The stories themselves are also just as uneven. Some episodes are genuine classics and belong up there with the great Star Trek episodes. These include “The Wolf Inside”, “Despite Yourself” (two fantastic Mirror Universe tales), “Lethe”, “Choose Your Pain”, and “Into the Forest I Go”. As great as those were, Star Trek: Discovery is also weighed down with some downright clunkers that are poorly plotted and clumsily executed. One example is the first episode that aired for free on CBS, “The Vulcan Hello”, which needed to be great to entice people to subscribe to the CBS All Access app that streamed the rest of the episodes. Unfortunately, the season also ended on a less-than-thrilling note with a two-episode storyline that ended the war too quickly and unsatisfactory. However, the final shot of the last episode “Will You Take My Hand?” brought a thrill when a sparkling and graceful Enterprise appeared on the screen.Despite these faults, I have to admit that I genuinely enjoy Star Trek: Discovery. As far as first season Star Trek shows go, this is the best one since the original Star Trek. Unlike some other Star Trek spinoffs that first started out, this show is rarely dull and takes some genuine risks, even if they do not pay off. Of course, the criticism is valid that unlike its predecessors there isn’t any exploring done. This is something that is a vital essence of Star Trek, but it does push the envelope, chiefly with its characters and focus. The captain is not the main hero but a broken and disgraced former officer. Many of the characters are out to prove themselves and most of them do, which is why they are so easy to watch and root for.Another thing to note is that putting aside all the action and eye-popping visuals (seeing the Discovery spin its saucer while it goes into spore drive never gets dull), certain elemental truths about Star Trek are still there. We just have to recognize them: accepting diversity, seeking diplomatic solutions, and bettering yourself. As Alexander Courage’s iconic theme played during the end credits of the season finale, I found myself eagerly waiting to see more from Star Trek: Discovery, and for that reason the show is a success.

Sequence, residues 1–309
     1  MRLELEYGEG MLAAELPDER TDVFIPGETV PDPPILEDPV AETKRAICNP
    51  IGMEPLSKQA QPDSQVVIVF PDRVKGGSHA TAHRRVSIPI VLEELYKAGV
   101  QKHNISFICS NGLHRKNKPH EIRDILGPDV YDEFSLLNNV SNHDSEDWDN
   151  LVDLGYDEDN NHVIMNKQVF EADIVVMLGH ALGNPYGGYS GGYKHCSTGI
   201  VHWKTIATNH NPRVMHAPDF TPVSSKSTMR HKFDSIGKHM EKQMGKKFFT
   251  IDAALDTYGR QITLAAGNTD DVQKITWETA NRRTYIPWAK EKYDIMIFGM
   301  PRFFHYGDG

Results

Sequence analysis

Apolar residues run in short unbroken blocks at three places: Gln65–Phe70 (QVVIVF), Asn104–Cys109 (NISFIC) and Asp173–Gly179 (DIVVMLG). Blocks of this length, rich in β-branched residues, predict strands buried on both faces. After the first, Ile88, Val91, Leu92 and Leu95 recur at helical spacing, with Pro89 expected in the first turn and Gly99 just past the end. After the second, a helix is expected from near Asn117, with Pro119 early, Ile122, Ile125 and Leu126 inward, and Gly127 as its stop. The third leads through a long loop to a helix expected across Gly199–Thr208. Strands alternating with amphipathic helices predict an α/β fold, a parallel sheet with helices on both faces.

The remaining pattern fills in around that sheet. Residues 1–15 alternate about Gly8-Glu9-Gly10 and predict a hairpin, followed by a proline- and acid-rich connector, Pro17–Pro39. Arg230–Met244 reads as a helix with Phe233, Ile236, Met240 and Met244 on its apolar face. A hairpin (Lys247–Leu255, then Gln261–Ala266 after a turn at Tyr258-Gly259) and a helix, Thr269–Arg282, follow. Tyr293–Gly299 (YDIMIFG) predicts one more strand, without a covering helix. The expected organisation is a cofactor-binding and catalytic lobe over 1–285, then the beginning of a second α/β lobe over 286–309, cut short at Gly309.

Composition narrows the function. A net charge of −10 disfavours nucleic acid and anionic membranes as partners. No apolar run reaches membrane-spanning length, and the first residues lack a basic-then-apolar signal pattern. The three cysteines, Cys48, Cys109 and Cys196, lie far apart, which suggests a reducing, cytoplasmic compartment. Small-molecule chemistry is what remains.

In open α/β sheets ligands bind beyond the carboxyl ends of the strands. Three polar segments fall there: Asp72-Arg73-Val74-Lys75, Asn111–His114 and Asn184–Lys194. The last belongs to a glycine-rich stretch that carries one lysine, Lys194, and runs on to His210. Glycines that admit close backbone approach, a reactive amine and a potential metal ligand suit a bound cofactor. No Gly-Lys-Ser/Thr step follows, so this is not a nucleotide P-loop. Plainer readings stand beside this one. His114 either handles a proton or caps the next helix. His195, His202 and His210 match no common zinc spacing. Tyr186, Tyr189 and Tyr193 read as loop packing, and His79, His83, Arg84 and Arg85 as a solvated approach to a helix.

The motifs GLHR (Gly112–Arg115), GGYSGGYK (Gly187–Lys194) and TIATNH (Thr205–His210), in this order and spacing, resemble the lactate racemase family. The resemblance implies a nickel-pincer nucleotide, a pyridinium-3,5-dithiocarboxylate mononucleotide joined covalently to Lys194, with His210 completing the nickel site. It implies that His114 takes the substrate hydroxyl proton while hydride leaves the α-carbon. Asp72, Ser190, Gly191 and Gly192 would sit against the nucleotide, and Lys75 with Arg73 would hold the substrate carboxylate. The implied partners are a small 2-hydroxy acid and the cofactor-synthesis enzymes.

José Soto